Cork incinerator plan criticised by Simon Coveney

Minister says proposal would be contrary to Government plans for Cork Harbour

 Minister for the Marine Simon Coveney has criticised Indaver’s plan to build a €160 million incinerator at Ringaskiddy in Co Cork. File photograph: Gareth Chaney/Collins

Minister for the Marine Simon Coveney has criticised Indaver’s plan to build a €160 million incinerator at Ringaskiddy in Co Cork. File photograph: Gareth Chaney/Collins

 

Indaver’s plan to build a €160 million incinerator at Ringaskiddy in Co Cork would be completely contrary to Government plans to develop Cork Harbour as a centre for tourism, education and renewable energy projects, Minister for the Marine Simon Coveney has said.

Mr Coveney made the comments during the fifth day of an An Bord Pleanála hearing into Indaver’s plan to build a municipal and hazardous waste incinerator at Ringaskiddy.

Mr Coveney said the Government had spent or was committed to spending €100 million in the area on projects that were incompatible with the incinerator.

“The proposed development will adversely impact on and compromise the Government-supported projects at Haulbowline to convert the East Tip into an amenity area, as well as the development of a proposed tourist attraction at Spike Island,” said Mr Coveney.

“It will also impact and prejudice the viability of the Irish Maritime and Energy Resource Centre (IMERC) in Ringaskiddy, which has become a zone for education, research, innovation and clean technology, with some 48 companies currently working in the newly opened Beaufort Laboratory.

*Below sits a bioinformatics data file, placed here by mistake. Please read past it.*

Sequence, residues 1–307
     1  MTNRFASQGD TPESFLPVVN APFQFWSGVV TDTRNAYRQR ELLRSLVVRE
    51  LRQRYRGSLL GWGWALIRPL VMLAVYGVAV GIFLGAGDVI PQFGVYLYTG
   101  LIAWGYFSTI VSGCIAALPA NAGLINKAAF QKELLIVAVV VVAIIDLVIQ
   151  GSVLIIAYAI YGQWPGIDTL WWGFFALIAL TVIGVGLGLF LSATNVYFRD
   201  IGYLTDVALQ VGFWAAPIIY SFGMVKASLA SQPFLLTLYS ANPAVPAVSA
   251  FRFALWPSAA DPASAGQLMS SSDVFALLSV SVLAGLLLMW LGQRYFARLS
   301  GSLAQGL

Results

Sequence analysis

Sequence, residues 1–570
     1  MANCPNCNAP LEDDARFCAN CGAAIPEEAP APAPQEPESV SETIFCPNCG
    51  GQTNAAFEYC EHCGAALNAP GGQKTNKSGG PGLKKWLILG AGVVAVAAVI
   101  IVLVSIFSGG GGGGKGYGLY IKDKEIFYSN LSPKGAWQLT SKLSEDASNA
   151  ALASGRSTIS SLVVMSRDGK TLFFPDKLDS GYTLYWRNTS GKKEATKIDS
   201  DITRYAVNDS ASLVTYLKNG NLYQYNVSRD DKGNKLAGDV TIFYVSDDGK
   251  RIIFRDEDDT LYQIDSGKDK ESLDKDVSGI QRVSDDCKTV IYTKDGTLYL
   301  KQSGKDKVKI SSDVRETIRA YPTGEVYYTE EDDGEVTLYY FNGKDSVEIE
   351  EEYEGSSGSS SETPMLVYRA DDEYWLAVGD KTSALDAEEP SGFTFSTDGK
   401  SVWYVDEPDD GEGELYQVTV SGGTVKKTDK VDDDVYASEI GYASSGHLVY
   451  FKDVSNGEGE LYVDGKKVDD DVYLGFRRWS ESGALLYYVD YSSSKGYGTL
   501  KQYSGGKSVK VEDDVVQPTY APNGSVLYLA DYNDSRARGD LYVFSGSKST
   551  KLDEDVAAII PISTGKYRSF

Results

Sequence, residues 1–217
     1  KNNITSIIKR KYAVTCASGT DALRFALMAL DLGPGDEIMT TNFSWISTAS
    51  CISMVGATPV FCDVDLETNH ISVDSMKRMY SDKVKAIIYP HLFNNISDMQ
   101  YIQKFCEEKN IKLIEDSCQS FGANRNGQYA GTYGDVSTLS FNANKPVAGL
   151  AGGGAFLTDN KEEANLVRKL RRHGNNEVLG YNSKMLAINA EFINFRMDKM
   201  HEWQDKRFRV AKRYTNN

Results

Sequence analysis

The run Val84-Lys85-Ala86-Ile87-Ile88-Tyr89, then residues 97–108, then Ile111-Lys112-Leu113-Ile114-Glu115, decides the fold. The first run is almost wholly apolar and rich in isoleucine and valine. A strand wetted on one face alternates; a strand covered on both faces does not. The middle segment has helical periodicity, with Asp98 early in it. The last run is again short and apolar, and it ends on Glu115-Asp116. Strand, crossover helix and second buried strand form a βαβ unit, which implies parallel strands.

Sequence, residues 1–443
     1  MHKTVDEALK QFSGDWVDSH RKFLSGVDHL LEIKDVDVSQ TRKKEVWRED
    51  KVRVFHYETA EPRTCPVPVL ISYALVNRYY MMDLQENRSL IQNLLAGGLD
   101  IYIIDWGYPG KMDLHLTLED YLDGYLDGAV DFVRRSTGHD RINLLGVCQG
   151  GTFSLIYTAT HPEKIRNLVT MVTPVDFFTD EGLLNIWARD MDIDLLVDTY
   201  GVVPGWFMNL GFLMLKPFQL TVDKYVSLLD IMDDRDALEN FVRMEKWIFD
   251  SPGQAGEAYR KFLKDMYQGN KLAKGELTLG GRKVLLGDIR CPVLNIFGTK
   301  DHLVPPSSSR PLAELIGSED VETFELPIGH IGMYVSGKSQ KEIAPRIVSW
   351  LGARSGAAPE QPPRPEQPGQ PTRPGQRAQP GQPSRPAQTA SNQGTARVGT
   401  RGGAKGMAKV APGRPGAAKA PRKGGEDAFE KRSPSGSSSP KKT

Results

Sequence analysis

“The Beaufort Centre is a national research facility which is going to be part of a campus of real significance that is going to employ 4,000 people in the years ahead,” said Mr Coveney,

Mr Coveney said all of these projects had come on stream in the five years since 2011, when Indaver last applied for planning permission for the project and failed in its application.

“It cannot be consistent with good planning or existing planning guidelines relating to incineration to permit the construction of a 240,000-tonne waste-to-energy facility in the immediate vicinity of the most progressive cluster of projects that Cork Harbour has seen in decades.”

Private investment

The Government investment in Cork Harbour was designed to trigger private investment in marine-related projects in the area, but locating an incinerator nearby would undermine Ringaskiddy’s capacity to attract such funding, he said.

Mr Coveney also dismissed suggestions there was support at Government level for locating the incinerator in Ringaskiddy.

He said a letter sent to Cork County Council by Minister of State at the Department of the Environment Paudie Coffey was not an endorsement of Ringaskiddy as a suitable site.

Mr Coffey had written to the council to advise it that it was obliged to bring its policy on waste management in line with national policy by including incineration, he said.

Mr Coveney said he was not making any judgment on incineration or on Indaver as a company, but was simply pointing out the unsuitability of the Ringaskiddy site, which is very confined and not appropriate for the project.